Baltimore, MD — Today, advocates and councilmembers showed up in droves to an informational Rules and Legislative Oversight Committee hearing on the implementation of the “Water4All” Affordability Program and the Water Accountability & Equity Act. Today’s hearing marks roughly two months since the landmark “Water4All” affordability program was launched, but advocates and councilmembers warn that the program’s implementation is already flawed with deadlines missed and programmatic concerns.
In accordance with the Water Accountability & Equity Act modifications bill passed in 2020 to extend the implementation of the legislation, the Act should have been fully implemented by July 1st, 2021. The Department of Public Works launched the first half of the legislation, the Water4All affordability program, earlier this year and have yet to make notable progress on the second half of the legislation by establishing the Water Customer Advocate’s office for a more transparent billing dispute resolution process.
Even the launch of the Water4All program has raised serious concerns, as DPW currently plans for the affordability credit for tenants in multifamily units to count as taxable income, despite available ARPA funds which have been designated non taxable. The Baltimore Right to Water Coalition has repeatedly raised these concerns and others with the Scott Administration and the Department of Public Works and have not been able to get a clear response.
At the hearing, advocates from the Baltimore Right to Water Coalition and councilmembers demanded answers to critical questions from representatives from the Department of Public Works, the Department of Finance, and the Office of the Baltimore City Administrator. Rianna Eckel, Baltimore Water Organizer with Food & Water Watch said:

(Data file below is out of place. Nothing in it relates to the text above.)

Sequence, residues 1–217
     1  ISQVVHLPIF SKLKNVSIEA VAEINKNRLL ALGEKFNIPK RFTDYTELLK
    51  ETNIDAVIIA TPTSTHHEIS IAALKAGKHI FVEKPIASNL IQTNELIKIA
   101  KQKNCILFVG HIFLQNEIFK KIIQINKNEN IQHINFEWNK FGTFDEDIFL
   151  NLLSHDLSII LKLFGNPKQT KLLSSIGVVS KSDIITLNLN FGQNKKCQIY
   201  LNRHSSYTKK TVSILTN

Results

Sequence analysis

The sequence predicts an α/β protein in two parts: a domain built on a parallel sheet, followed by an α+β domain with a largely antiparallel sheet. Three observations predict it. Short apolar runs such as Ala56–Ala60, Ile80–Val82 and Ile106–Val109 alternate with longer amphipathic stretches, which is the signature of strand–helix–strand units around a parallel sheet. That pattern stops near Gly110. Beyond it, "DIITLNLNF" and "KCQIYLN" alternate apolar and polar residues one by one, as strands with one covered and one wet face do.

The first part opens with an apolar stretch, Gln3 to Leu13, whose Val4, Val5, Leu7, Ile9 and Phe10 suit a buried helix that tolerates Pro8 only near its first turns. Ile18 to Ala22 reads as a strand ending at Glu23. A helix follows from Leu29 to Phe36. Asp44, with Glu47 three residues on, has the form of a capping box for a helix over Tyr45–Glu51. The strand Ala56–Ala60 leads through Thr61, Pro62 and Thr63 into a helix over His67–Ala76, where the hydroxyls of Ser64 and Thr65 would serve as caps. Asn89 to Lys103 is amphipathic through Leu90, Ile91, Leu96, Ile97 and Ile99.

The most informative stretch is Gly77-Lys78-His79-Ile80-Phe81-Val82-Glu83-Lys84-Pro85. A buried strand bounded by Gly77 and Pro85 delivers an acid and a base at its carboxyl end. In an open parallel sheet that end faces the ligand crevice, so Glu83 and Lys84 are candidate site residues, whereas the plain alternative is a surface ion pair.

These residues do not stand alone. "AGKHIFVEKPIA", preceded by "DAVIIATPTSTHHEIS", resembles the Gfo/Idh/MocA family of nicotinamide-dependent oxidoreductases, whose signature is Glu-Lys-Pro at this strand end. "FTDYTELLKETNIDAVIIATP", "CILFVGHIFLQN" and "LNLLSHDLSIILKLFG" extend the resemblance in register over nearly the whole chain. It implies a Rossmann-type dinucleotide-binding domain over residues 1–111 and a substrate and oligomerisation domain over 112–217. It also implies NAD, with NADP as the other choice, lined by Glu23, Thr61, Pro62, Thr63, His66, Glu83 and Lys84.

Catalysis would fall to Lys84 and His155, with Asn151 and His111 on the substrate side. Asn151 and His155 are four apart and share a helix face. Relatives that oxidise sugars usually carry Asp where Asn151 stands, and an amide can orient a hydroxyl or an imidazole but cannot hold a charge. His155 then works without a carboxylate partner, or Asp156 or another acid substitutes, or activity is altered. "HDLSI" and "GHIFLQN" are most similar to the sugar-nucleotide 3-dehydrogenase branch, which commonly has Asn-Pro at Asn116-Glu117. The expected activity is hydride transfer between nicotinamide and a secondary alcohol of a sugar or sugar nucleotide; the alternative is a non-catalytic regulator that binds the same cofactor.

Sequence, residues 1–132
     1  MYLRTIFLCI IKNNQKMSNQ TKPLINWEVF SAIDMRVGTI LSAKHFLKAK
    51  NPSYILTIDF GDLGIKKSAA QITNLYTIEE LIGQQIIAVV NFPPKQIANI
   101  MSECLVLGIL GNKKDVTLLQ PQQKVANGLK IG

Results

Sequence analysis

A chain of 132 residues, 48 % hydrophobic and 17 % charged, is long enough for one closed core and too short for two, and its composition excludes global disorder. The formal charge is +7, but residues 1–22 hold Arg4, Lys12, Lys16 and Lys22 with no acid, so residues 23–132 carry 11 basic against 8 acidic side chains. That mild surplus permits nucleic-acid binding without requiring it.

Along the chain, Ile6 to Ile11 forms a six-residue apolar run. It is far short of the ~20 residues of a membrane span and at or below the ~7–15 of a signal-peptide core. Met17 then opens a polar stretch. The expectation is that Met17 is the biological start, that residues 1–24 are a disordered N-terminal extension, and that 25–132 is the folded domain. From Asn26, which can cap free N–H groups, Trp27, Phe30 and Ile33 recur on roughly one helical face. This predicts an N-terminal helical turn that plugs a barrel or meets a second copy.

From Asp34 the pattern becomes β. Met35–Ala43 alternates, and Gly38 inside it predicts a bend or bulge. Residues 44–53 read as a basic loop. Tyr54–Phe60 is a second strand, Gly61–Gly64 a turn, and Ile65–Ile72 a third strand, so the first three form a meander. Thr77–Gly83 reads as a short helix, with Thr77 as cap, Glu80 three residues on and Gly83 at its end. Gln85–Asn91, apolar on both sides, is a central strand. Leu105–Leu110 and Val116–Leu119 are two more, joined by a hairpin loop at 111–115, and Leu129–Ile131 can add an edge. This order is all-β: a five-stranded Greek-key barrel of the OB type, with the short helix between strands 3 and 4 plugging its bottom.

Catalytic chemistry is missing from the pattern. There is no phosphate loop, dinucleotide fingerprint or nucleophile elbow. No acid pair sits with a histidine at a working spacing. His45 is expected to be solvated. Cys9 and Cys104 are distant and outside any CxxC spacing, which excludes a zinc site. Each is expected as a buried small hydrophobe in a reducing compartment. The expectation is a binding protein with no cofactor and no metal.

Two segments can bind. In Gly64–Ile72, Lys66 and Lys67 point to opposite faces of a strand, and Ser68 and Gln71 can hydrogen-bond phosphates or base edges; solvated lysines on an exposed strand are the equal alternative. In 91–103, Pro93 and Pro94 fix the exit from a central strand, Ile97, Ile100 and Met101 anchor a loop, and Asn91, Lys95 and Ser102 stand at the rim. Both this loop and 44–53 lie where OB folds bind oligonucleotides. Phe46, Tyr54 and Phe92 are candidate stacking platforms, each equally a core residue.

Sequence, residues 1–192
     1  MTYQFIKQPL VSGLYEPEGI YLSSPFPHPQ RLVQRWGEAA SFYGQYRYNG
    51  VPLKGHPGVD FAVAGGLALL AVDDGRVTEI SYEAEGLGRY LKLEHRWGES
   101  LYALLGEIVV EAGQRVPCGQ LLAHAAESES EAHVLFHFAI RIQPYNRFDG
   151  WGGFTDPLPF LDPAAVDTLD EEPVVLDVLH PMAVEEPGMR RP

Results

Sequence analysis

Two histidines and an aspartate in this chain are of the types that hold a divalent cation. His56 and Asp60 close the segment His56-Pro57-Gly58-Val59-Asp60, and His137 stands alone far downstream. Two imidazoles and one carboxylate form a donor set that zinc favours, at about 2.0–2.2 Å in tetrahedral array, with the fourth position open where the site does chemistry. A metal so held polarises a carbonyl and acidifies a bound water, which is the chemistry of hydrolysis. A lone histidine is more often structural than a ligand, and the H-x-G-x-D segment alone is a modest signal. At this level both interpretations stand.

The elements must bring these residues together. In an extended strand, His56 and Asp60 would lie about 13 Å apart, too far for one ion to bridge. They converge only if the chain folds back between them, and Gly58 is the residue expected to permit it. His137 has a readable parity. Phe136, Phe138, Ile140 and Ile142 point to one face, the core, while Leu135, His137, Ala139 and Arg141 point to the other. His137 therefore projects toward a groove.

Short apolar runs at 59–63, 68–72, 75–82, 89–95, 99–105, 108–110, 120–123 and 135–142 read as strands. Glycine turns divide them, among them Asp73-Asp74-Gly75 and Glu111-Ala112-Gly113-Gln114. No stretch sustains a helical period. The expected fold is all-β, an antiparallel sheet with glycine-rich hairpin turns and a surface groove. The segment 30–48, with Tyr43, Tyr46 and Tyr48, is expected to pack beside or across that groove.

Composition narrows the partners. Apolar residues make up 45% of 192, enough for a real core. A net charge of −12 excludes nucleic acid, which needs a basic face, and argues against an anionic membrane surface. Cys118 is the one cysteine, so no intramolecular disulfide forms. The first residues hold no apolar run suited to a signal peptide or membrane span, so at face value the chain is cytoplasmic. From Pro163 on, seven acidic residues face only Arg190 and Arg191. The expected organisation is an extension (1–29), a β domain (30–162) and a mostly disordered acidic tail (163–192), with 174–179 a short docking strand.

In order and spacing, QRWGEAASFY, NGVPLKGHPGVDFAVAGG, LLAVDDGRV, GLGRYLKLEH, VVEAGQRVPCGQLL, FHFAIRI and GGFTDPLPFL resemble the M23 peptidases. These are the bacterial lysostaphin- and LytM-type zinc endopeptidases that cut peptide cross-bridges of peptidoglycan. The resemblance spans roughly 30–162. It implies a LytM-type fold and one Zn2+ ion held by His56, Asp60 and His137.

“You don’t get brownie points for passing landmark water equity legislation if you never implement it. Baltimoreans are struggling with water access and water affordability right now — any delay in implementation of Water4All and the Water Accountability & Equity Act will spell disaster for the very people it’s designed to help. Mayor Scott must get serious about Baltimore’s water equity crisis and take concrete steps to implement this legislation faithfully.”
“It is incredibly disappointing to see DPW violating the law by denying renters access to their water bills two and a half years after the Water Accountability & Equity Act passed,” said Molly Amster, Maryland Policy Director & Baltimore Director for Jews United for Justice. “Renters make up more than 50% of Baltimore residents and shouldn’t be treated like second class citizens.”
“It’s frustrating that so few customers learned about possible back-dated credits after the significant delays launching the credit. Not only that, but because the customer advocate position has yet to be filled, customers often still need lawyers to resolve their water woes,” said Amy Hennen, Director of Advocacy and Financial Stabilization at the Maryland Volunteer Lawyers Service. “These delays only hurt the citizens of Baltimore.”
Contact: Phoebe Galt, [email protected]